Mr. Harbaugh, 85, died Jan. 19 in Wexford after a long illness.
His formal art training consisted of a year's study in design at Pittsburgh's Carnegie Mellon University following graduation from Thiel College in Greenville, Pa. He then served in the U.S. Navy before embarking on a career as an industrial exhibit designer and freelance cartoonist for some 42 years.
A native of the Iron City, he worked for GRS&W, a Pittsburgh-based design firm. Over the years, examples of Mr. Harbaugh's work have been displayed in many places, including in the lobby of Goodyear's Akron headquarters.
In a 1999 feature story on the cartoonist, retired Tire Business Executive Editor Chuck Slaybaugh described Mr. Harbaugh's work as "distinctive for its economy of detail and the expressiveness of its cartoon characters."
His cartoons have appeared in widely read consumer publications such as the Wall Street Journal, Saturday Evening Post, Field & Stream, Sports Afield and Better Homes & Gardens.
Throughout his long stint with TB, he worked from a small home-based art studio described as being as Spartan as his sketches. He admitted that while spending days in industrial design, cartooning had always been a big part of his life.
"One thing I really enjoyed as a child was making people laugh," he told TB.
"We'd have family gatherings and I'd try to draw a cartoon about the people in it. If it got a laugh, nothing would please me more. I loved seeing people enjoying themselves and having fun…. I think that's what motivates me still."
Soft-spoken and conservatively dressed, Mr. Harbaugh would often get cartoon inspiration while waiting for his car to be serviced.
He noted in the TB article that he found the tire and automotive service business "ripe for humor." The interaction between dealer and customer makes for "a lot of human pathos and emotion," he said, quickly adding that "it's a wonderful place to poke fun — and I hope nobody objects to it."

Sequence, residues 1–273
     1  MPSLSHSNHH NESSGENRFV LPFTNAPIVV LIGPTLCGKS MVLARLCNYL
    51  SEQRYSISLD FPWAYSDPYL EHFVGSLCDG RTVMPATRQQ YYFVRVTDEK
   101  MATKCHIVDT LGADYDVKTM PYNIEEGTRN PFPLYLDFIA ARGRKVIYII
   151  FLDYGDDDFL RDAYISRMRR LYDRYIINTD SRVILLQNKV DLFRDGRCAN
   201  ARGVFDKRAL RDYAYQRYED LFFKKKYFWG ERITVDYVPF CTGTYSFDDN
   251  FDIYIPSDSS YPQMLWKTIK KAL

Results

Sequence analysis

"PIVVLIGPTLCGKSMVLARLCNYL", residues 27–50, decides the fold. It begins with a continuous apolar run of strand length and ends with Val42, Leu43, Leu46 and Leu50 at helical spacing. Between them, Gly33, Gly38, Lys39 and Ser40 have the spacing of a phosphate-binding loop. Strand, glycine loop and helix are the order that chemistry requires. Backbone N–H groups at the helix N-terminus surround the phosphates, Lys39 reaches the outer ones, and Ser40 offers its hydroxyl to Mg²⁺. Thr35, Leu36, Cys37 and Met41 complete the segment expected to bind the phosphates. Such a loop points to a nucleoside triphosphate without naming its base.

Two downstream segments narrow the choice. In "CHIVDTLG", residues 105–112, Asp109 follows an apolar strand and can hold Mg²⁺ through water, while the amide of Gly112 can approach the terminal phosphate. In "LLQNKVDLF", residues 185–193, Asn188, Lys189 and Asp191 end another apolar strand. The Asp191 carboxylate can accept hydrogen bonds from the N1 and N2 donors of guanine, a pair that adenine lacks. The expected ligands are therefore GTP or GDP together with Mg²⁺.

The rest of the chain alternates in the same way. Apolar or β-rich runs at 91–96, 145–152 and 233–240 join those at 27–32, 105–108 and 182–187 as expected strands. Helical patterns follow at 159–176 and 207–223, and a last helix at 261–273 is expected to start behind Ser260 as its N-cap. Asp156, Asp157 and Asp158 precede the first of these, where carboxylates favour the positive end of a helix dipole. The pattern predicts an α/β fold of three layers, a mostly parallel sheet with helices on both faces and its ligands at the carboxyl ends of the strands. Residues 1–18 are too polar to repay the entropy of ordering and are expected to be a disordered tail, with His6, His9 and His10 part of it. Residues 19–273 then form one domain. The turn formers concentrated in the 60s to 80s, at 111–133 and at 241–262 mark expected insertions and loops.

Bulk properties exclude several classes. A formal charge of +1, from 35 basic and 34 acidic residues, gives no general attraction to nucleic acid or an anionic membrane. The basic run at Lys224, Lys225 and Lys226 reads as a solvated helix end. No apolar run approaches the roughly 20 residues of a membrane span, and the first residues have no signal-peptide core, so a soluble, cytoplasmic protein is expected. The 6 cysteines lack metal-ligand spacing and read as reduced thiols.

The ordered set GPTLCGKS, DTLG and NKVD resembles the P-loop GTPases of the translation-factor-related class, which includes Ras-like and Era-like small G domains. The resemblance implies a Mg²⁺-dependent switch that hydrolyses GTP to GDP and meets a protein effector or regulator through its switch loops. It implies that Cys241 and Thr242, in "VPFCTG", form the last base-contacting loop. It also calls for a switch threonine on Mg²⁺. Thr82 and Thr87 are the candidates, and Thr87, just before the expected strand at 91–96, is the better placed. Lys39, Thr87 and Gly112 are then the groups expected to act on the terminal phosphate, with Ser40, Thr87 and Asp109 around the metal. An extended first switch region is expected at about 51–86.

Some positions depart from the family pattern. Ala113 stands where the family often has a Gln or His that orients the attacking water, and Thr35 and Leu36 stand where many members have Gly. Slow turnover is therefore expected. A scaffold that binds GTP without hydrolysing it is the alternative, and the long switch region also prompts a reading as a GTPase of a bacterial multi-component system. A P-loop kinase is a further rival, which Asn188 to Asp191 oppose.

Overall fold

That was hardly the case.
TB would regularly get requests for reprints of Mr. Harbaugh's cartoons, with a dealer or shop owner saying how aptly the artist had captured a common scene in what some might call a humorless business.
"People can get so serious and they forget to laugh," Mr. Harbaugh told TB, acknowledging that fears over someone taking unintended offense "narrows the arena for humor." Many general circulation publications, he said, have become so afraid of offending someone — and being sued — that they've shunned cartoons with even a hint of controversy.
For that reason, Mr. Harbaugh said he was always "more comfortable" drawing for trade publications like TB because there are fewer topics to avoid.
Describing his drawing style, he said he tried to create the illusion of "volume with lines and without having to shade anything.
"It's in my nature. I can't stand clutter for one thing. Other artists do a lot more stylistically with each cartoon. But I couldn't draw for the number of publications I do if I had a more complex style. Strictly from a practical side, it works."
In Mr. Harbaugh's obituary, his family said: "David will be remembered as both a gentleman and a gentle man."
And did we mention how prolific Mr. Harbaugh was? Periodically a fresh packet chock-full of his latest whimsy would arrive at TB's office. Literally hundreds of cartoons over the years.
For the foreseeable future Tire Business will continue to use Mr. Harbaugh's cartoons from those chuckle-laden folders. Good humor never seems to go out of style.
Mr. Harbaugh leaves his wife of 60 years Joanne; daughters Pam Szerlong of Lake Forest, Ill., and Karen Pritchard of Wexford; son Blake of Wexford; brother Donald Harbaugh; and five grandchildren.
To reach this reporter: [email protected]; 330-865-6130.